Tuesday, July 17, 2012

Nutrition Spotlight: High-Fructose Corn Syrup


High-fructose corn syrup is found in everything from bread to soft drinks, and is a large contributor to our daily sugar intake. According to the USDA, Americans consume 156 pounds of added sugar each year! That's more than 20 extra pounds the average American is carrying due to sugar consumption.

High-fructose corn syrup is made up of a combination of glucose and fructose. Both are monosaccharides (mono = one, sacchar = sugar) and make up the most basic form of carbohydrates. By combining monosaccharides in different combinations and amounts, you can build disaccharides and polysaccharides.

High-fructose corn syrup starts as corn syrup, which is also known as glucose syrup, because it is made primarily of glucose. By processing the corn syrup, some of the glucose is turned into fructose. There are different ratios of glucose and fructose in high-fructose corn syrup to produce the desired amount of sweetness. Soft drinks use 55% fructose and 42% glucose (the rest being water), while 42% fructose and 53% glucose solutions are used in baked goods and processed foods.

The reason for its use is primarily cost. Several factors have caused the cost of table sugar (sucrose) to increase in price. Since then, there has been a lot of criticism against HFCS. Many believe that it's the cause of obesity, diabetes, hypertension, among other ailments. What's difficult to interpret is if these negative health effects are a result of new, processed ingredients in foods, or if it's because most of the population consumes too much of them. I believe if you consume 156 pounds of table sugar or HFCS annually, the results will be the same. Table sugar is 50% fructose and 50% glucose, while HFCS is 42-55% fructose and 42-53% glucose, as mentioned above. Do these small differences really make significant health differences?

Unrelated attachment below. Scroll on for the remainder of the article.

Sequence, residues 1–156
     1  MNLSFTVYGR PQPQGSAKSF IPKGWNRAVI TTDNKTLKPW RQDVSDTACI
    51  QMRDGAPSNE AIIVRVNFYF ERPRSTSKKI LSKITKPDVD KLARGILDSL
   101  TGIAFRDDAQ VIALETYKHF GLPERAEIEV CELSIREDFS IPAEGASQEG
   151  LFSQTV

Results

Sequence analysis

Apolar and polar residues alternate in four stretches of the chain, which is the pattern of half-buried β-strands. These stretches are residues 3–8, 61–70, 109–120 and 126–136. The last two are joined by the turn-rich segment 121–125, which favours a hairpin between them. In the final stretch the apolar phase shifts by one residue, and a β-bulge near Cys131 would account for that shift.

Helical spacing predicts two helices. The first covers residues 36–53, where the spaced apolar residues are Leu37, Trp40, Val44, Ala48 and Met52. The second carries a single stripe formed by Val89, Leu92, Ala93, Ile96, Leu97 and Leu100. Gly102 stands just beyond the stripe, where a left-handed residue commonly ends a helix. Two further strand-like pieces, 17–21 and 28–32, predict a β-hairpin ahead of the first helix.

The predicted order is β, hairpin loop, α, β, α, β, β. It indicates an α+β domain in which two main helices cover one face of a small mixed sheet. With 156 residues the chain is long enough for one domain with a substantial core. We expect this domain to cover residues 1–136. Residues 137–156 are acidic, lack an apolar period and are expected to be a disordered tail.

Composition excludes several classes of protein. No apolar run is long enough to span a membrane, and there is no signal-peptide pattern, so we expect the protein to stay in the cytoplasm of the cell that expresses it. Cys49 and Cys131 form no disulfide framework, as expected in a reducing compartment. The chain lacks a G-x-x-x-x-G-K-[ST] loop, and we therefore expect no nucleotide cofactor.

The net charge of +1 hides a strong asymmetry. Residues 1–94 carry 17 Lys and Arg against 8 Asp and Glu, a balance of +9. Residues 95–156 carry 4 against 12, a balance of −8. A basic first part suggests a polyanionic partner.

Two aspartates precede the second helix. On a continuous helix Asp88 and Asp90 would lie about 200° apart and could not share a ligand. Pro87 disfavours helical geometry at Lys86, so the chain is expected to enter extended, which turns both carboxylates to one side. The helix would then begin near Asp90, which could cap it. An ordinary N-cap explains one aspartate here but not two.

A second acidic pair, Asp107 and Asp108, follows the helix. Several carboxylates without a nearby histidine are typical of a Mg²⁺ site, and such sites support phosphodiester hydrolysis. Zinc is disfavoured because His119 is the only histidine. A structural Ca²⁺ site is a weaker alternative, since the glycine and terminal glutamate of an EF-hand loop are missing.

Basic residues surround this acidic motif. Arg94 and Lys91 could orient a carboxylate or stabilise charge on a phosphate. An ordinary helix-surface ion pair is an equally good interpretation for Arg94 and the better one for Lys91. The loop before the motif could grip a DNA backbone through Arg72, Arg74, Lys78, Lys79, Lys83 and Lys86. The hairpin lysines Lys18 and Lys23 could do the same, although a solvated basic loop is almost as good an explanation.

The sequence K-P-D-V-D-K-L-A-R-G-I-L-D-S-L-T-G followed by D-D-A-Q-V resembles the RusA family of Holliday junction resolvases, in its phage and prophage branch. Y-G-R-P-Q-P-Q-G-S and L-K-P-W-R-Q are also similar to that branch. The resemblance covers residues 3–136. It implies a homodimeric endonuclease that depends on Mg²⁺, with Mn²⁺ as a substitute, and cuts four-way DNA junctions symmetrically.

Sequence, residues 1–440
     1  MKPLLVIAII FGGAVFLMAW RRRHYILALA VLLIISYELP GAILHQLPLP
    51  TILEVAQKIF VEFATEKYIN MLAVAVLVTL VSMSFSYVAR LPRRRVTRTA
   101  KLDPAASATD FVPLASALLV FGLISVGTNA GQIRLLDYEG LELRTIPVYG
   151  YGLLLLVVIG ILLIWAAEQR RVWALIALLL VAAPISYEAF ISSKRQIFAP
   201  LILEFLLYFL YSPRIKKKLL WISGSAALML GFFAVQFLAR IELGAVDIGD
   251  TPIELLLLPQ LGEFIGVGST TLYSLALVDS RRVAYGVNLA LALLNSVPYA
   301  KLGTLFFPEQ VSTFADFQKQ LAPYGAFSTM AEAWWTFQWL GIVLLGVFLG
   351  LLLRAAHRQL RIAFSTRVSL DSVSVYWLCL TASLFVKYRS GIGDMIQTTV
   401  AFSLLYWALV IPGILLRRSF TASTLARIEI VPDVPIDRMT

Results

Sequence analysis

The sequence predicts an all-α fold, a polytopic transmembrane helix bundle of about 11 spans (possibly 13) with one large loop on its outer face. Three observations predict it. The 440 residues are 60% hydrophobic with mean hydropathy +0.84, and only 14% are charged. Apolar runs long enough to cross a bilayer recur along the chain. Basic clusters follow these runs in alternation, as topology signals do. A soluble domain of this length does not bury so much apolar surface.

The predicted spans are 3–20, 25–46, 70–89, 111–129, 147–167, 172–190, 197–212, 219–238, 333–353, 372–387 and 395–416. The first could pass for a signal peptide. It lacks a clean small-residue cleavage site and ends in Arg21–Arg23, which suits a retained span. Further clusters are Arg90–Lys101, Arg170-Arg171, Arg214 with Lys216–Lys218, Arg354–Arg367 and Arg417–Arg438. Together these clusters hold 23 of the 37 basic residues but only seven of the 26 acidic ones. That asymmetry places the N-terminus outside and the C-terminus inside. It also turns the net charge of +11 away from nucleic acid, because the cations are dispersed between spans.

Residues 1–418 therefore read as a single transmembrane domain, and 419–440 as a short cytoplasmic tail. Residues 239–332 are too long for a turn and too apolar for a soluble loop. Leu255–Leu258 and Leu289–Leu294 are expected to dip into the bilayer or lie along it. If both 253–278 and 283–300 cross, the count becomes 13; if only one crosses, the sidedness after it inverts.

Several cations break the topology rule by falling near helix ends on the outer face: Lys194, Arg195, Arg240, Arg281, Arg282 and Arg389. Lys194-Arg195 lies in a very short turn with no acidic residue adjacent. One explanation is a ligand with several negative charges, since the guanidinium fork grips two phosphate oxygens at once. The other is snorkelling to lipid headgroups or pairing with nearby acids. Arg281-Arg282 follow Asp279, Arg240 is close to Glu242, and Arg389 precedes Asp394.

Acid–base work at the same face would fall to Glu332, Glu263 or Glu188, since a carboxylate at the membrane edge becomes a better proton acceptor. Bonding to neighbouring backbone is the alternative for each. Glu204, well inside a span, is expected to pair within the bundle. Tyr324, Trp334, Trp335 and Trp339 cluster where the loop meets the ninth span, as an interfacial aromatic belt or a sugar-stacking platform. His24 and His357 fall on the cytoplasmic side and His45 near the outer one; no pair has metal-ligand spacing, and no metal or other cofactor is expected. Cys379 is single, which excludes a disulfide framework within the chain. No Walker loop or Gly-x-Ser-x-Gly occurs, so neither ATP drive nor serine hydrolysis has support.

I searched study after study and it seems that there are as many publications out there that have found that HFCS causes health problems as there are those that say it's processed no differently in the body than any other sugars. One thing is for certain though - HFCS is found in processed foods, and the more processed foods you consume, the more likely you are to not be eating a healthy diet. Thus, resulting in higher prevalence of obesity, diabetes, stroke, etc.

My personal belief is that high-fructose corn syrup is fine in moderation, just like any other sugar. You don't want to be eating tons of honey, agave or maple syrup, so why would you treat high-fructose corn syrup any differently? I also believe that our nation’s obesity and health problems are not the result of one single component. High-fructose corn syrup isn't making us obese. Consuming too many calories and making poor dietary choices on top of lack of exercise is what's causing health problems to rise.


Here are some articles I came across while researching that you may enjoy reading...
American Journal of Clinical Nutrition
CBS News Investigates Sweetener Controversy
Corn Refiners Association Myths vs. Facts
MSNBC Video
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1 comment:

  1. Probably the most sensitive thing I have read about HFCS!

    I am European, where HFCS is banned from processed food (or still was before I left). All processed food is significantly sweeter than the same type of processed food I can find in France.I tend to be very paranoid about HCFS, it is EVERYWHERE here in the US, and at first I thought it was unavoidable, and it makes it really difficult to evaluate your sugar intake.
    I am really glad that at least over the last 4-5 years I have seen more and more food labeled no hfcs.

    But thanks to your article, I will feel less paranoid and suddenly diabetic whenever I eat a corn syrup ridden treat ;-)

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